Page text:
Have questions about waste? You've come to the right place.
A: Once your items have been collected they are taken to a Material Recovery
Facility (MRF). At the MRF, everything is sorted, cleaned and baled.
The MRF then ships the materials to brokers or directly to manufacturers. The recyclables
are then made into new products, closing the recycling loop.
Metro-wide survey responses demonstrate residents desire a common set of
- Curbside services – trash, recycling, yard waste and bulky item pickup
- Drop-off services – recycling, yard waste, household hazardous waste (HHW) and community cleanup days
These services are often complemented with special one-day collection events for HHW, electronics, paper shred or other common reusable or recyclable items. Visit your community’s page to see what services are offered in your city or county.
A: Help us help you help people divert waste! RecycleSpot can connect
residents to your organization and its services. Get listed or update your
A: You can make an enormous impact simply by making small changes
in your waste habits. Each of us throws away about four pounds of trash a day – instead
of tossing those items into the garbage bin, think about how much could be diverted
from landfills through reduction, reuse or recycling! And don't forget that the
3 Rs also have a number of other benefits for our community, the environment and
A: Indeed they are! Curbside recycling bins are often emptied into
a "packer truck" that collects both trash and recyclable materials and
sorts them at a processing facility. This process, known as "single stream"
waste management, is more efficient than sorting into several specialized vehicles
and allows a wider range of items to be collected. Think of it as "recyclable
A: Recycling companies earn money from large quantities of recyclables
— tractor trailer loads — versus small quantities generated by an individual resident.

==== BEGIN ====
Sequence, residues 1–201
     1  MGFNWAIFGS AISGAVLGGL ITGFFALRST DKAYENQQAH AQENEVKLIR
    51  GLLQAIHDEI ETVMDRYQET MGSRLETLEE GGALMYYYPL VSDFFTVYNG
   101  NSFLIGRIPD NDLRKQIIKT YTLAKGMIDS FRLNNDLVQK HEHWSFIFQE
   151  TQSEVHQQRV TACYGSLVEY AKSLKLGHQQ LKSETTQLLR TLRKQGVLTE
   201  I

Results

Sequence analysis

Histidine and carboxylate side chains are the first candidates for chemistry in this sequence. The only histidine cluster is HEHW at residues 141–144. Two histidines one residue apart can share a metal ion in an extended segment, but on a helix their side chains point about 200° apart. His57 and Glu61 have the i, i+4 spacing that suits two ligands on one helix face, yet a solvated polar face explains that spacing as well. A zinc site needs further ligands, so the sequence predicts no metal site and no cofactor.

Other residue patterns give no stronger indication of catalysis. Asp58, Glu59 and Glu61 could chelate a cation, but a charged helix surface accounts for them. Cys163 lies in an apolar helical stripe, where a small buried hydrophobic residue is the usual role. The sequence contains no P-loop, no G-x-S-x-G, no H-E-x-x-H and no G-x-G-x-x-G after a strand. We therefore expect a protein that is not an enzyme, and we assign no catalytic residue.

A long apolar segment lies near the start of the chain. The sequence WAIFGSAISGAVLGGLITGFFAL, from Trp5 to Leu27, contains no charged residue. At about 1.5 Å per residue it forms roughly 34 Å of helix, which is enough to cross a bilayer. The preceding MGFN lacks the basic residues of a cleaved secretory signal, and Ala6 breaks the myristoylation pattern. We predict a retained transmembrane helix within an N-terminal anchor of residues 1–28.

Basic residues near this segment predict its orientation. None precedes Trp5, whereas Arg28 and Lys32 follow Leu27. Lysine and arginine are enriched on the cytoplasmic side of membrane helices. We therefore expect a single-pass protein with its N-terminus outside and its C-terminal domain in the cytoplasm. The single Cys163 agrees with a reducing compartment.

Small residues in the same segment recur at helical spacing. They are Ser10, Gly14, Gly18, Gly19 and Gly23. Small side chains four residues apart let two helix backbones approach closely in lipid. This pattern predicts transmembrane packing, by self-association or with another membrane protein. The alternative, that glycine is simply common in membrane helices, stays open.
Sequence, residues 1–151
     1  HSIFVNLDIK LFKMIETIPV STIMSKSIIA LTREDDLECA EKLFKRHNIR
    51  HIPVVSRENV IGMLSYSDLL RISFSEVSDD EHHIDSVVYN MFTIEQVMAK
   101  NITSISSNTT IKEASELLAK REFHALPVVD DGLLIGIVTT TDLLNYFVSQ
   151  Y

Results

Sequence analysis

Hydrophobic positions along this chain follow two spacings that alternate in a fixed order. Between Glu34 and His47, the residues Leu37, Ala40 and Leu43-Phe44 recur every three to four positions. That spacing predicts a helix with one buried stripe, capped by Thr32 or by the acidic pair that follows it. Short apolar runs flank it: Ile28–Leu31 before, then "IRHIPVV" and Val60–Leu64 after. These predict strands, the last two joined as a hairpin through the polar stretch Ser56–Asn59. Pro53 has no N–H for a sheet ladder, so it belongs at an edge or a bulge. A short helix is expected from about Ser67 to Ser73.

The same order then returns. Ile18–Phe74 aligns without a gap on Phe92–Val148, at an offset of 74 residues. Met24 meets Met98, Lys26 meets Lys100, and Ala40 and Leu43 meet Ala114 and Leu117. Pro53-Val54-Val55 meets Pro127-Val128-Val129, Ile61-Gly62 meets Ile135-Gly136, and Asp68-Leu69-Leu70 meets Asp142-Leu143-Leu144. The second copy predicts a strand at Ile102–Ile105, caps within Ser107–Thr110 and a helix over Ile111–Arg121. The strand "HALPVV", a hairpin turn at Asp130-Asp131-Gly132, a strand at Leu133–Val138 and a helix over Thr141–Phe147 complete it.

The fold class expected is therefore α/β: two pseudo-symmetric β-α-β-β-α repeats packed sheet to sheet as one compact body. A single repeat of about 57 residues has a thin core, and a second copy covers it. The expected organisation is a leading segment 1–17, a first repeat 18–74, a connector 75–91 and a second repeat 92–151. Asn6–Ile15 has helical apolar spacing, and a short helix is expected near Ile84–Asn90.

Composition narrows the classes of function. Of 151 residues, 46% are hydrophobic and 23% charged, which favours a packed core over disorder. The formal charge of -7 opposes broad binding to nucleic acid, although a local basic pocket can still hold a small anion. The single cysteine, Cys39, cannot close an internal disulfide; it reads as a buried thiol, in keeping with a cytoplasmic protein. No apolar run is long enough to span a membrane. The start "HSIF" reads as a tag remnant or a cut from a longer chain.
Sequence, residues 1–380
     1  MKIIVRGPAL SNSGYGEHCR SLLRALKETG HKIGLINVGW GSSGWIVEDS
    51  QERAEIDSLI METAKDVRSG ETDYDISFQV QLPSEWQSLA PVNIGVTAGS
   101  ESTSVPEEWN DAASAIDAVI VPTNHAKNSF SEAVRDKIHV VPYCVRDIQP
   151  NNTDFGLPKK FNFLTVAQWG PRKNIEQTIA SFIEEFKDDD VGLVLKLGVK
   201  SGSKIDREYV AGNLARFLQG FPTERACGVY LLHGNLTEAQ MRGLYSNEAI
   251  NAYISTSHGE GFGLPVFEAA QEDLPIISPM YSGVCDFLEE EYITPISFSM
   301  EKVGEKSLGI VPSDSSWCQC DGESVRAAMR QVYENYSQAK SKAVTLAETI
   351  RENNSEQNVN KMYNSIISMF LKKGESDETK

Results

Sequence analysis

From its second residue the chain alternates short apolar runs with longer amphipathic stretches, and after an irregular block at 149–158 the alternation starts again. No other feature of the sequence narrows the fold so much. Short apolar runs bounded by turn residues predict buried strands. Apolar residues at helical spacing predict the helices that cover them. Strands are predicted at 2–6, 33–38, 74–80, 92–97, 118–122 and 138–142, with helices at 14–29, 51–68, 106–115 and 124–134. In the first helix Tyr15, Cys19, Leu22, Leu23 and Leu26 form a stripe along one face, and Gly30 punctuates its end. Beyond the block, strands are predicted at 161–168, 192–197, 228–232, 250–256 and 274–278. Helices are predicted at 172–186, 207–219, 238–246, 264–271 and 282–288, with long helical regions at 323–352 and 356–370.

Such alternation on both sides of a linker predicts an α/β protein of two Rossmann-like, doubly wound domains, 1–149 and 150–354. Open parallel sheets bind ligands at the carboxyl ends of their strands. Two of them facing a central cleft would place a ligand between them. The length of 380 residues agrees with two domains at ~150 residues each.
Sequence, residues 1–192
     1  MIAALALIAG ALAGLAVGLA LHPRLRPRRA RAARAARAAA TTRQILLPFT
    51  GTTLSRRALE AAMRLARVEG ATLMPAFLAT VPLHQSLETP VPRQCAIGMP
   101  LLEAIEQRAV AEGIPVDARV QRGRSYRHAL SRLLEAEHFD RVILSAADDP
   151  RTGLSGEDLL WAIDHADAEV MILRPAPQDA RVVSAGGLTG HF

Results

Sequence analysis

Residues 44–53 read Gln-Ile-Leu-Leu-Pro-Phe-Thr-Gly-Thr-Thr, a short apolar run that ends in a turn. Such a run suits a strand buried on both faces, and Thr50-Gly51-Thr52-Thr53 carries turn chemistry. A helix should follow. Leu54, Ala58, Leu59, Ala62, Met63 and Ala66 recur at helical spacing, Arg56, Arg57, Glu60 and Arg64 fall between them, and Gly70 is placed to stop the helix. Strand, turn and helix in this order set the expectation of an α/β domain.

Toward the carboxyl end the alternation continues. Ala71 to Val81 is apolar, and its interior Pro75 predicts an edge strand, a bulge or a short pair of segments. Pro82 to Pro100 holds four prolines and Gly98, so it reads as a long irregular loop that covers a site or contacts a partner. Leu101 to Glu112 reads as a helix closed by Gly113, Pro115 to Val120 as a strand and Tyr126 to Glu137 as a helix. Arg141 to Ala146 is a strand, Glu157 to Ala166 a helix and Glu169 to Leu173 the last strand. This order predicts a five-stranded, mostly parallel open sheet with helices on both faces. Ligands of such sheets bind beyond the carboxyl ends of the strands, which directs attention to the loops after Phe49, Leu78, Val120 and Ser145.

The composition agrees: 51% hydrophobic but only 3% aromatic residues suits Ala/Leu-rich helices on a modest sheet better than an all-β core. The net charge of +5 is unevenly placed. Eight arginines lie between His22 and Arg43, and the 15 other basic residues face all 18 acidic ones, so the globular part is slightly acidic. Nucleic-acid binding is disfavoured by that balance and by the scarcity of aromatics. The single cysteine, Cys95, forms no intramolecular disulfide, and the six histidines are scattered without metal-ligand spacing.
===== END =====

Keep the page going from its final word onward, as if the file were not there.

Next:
Revenues may cover the cost to process and ship a material but not necessarily the
cost to collect it from each household. The best way for residents to financially
benefit from recycling is "pay-as-you-throw" system similar to other utilities
like water and gas, where the user fee is based on the amount of trash disposed
and recycling is unlimited.
A: Empty and rinse all containers, flatten large plastic bottles and cardboard boxes,
and remove and recycle caps and lids. It's okay to leave labels on containers. Do
not place anything in a recycling bin that is not accepted by your recycling program.
A: When you buy items with recycled content, you're helping close the recycling
loop. Harvesting raw materials to create new products uses large amounts of resources
and energy. Materials collected through recycling programs are put to good use as
new products. Recycled-content products are comparable in price and quality to products
made from virgin materials. Look for recycled products with the highest post-consumer
Learn more about recycled products >
A: Plastics numbered 1–7 can be recycled at most recycling centers
and curbside recycling programs throughout the Kansas City metro area. These numbers